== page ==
Diversification of Identity And Professional Ambition

crispydoc Uncategorized 6 Comments

Those folks motivated to pursue careers requiring long training periods are understandably deeply invested in making those careers satisfying and achieving professional success through increasingly prestigious appointments. But what happens when career advancement requires separation from a significant other or children? Let's examine a few case studies without right answers.

Star-Crossed Overachievers

I spent time in the horn of Africa during an international emergency medicine fellowship, where I met members of the small expatriate community who worked there year-round. One was an extremely accomplished 30-something woman working at USAID in food security for a famine-prone region. One of the things you are able to do quickly with folks in these extreme work environments is cut to the chase and ask important questions without spending inordinate time on small talk. It's a way of trying on their life to see if it might suit you.

Younger me was entertaining a career in international health, but had a serious girlfriend back home with a long-term plan to have kids. One afternoon, in her office, I asked my new friend about her hopes for the future and whether a relationship or children fit into those plans. She took a moment to reflect, and mentioned a guy she'd met on her last assignment - equally accomplished and ambitious, a humanitarian dreamer like herself, also rising through the government ranks...and currently on assignment on another subcontinent for another organization.

It might be nice, she said, to make that work out...but who was going to sacrifice their career as a foreign service officer for the other? Who was going to give up their chance at the dream posts? She seemed to accept the trade-off, and felt resigned that she could be a superstar at her job or subsume those aspirations to make the relationship work, but she could not expect to do both.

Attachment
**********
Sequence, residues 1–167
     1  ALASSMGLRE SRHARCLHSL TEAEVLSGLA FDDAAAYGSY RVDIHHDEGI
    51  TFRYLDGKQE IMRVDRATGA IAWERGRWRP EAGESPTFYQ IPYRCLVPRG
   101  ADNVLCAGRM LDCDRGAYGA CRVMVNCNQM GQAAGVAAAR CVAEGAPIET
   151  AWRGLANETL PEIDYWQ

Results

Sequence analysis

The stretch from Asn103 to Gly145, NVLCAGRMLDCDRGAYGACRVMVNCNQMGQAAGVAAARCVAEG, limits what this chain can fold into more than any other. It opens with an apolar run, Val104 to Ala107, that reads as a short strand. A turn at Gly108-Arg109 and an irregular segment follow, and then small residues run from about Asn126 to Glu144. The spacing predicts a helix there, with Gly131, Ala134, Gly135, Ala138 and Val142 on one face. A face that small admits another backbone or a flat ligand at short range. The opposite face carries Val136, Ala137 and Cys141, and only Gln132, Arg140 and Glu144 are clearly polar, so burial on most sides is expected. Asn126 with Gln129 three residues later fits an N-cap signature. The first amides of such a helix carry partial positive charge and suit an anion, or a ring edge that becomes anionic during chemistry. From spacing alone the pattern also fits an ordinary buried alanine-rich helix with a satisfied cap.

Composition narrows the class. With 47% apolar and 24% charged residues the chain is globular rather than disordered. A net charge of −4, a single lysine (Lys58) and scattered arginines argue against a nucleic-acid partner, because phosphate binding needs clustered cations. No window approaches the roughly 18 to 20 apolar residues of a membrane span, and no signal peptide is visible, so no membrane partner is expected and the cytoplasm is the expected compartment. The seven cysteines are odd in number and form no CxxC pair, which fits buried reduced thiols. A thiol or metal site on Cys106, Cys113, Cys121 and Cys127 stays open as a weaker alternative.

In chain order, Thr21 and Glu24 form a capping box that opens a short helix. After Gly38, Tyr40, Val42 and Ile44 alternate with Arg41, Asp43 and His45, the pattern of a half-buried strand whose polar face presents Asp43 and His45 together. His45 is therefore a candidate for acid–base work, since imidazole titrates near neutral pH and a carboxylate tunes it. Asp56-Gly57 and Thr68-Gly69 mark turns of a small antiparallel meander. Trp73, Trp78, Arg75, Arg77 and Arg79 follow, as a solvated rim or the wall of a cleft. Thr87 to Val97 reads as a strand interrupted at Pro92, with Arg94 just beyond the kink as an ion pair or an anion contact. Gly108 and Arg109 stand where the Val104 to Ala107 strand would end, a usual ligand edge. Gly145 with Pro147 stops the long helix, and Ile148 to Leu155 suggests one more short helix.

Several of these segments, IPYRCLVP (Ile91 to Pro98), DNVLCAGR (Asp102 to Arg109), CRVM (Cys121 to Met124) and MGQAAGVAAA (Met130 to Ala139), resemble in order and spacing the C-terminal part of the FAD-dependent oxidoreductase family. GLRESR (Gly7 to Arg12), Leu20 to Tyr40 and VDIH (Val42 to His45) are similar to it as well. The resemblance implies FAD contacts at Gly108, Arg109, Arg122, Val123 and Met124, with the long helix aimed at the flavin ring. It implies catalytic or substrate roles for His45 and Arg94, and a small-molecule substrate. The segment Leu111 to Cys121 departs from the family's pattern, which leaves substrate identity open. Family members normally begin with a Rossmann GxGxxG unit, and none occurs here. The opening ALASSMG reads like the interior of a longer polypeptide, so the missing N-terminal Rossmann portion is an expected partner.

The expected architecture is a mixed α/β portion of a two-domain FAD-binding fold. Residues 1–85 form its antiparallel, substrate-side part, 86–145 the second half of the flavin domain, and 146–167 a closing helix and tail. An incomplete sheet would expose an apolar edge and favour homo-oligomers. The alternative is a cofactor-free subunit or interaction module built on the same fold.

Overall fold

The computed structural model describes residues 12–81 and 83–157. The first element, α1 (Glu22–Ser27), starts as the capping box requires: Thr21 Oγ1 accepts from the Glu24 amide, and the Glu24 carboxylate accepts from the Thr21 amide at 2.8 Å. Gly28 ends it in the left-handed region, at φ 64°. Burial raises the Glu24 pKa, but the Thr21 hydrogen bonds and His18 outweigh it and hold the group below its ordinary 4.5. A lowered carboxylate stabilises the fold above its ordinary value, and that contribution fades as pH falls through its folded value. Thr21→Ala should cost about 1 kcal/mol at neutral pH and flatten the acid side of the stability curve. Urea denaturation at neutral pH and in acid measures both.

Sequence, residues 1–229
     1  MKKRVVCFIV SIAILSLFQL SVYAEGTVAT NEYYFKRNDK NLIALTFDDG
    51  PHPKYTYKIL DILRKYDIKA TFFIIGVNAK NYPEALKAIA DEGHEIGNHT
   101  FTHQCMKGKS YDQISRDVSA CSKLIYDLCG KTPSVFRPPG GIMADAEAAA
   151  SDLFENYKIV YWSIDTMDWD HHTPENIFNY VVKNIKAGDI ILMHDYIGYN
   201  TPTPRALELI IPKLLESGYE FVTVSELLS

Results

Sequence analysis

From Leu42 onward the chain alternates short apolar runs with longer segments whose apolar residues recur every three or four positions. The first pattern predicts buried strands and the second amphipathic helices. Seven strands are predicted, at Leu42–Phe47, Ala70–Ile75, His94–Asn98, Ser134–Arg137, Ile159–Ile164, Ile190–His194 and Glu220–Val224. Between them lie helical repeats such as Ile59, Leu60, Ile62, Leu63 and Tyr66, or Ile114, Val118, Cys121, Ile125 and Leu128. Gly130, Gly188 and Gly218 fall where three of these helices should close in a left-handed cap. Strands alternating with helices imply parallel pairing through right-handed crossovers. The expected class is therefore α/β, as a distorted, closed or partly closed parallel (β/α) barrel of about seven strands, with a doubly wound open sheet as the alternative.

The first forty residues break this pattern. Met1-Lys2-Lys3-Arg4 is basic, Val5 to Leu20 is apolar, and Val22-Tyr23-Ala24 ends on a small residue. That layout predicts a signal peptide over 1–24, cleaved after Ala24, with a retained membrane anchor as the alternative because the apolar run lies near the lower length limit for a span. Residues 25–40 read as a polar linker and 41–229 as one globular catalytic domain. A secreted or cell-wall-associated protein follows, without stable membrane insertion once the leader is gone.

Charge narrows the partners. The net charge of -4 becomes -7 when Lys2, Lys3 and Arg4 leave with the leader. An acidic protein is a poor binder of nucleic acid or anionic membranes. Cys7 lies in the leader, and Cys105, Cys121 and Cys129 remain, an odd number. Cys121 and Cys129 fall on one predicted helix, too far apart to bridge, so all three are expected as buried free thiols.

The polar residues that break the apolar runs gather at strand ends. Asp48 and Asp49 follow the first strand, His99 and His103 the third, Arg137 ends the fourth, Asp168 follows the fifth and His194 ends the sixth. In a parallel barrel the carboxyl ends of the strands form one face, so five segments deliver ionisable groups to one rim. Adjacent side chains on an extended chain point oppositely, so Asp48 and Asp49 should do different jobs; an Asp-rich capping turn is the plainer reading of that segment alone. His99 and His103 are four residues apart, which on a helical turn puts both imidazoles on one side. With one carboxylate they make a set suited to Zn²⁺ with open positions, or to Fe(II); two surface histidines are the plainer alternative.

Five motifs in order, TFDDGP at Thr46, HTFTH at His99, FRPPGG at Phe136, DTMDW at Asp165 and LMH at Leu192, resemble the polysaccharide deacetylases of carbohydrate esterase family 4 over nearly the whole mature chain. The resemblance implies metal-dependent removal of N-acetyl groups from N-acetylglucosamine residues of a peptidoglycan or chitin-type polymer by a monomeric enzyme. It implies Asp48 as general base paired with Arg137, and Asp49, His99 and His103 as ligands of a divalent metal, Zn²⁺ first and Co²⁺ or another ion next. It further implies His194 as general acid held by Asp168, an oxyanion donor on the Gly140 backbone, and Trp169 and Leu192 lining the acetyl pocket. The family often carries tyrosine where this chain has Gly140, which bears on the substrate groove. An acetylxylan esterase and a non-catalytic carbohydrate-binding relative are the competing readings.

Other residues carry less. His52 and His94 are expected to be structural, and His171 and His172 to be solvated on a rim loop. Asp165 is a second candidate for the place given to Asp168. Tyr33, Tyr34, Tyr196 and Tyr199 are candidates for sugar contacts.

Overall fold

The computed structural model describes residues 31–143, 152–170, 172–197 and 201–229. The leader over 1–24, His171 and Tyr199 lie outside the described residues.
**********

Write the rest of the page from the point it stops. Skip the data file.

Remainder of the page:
I googled this person, whom I'd lost touch with, and read about subsequent assignments in Afghanistan, Nepal (during the catastrophic 2015 earthquake), and a series of increasingly prestigious jobs in USAID. She is a rock star professionally with a highly-sought position in a globally recognized organization. As far as I know, she continues to live her professional dream.

Professionals In Love

Another couple we adore is a dual-academic couple, one medical, one non-medical. The former received tenure at or shortly after the time they got together. The latter began a meteoric rise as an academic administrator a few years into the relationship.

The salient point is that for the past several years, in order for the meteoric rise to happen, this couple kept two households that were a flight or a half-day's drive apart. It was slightly easier not having kids, but still quite a challenge.

Now they are once more under the same roof most of the time, but until the academic physician retires (likely in the next 5 years), their arrangement will continually require a commute to city#2 for 1-2 weeks at a time.

Getting What You Wish For

My wife's dear friend from medical school is an accomplished physician with workaholic tendencies. She has reached the golden handcuffs level of administrative seniority in her organization where another half-decade qualifies her for a significant jump in pension (who knew, they still exist!). She loves the work and has made her home where she lives, but she cannot relocate geographically to score the pension benefit.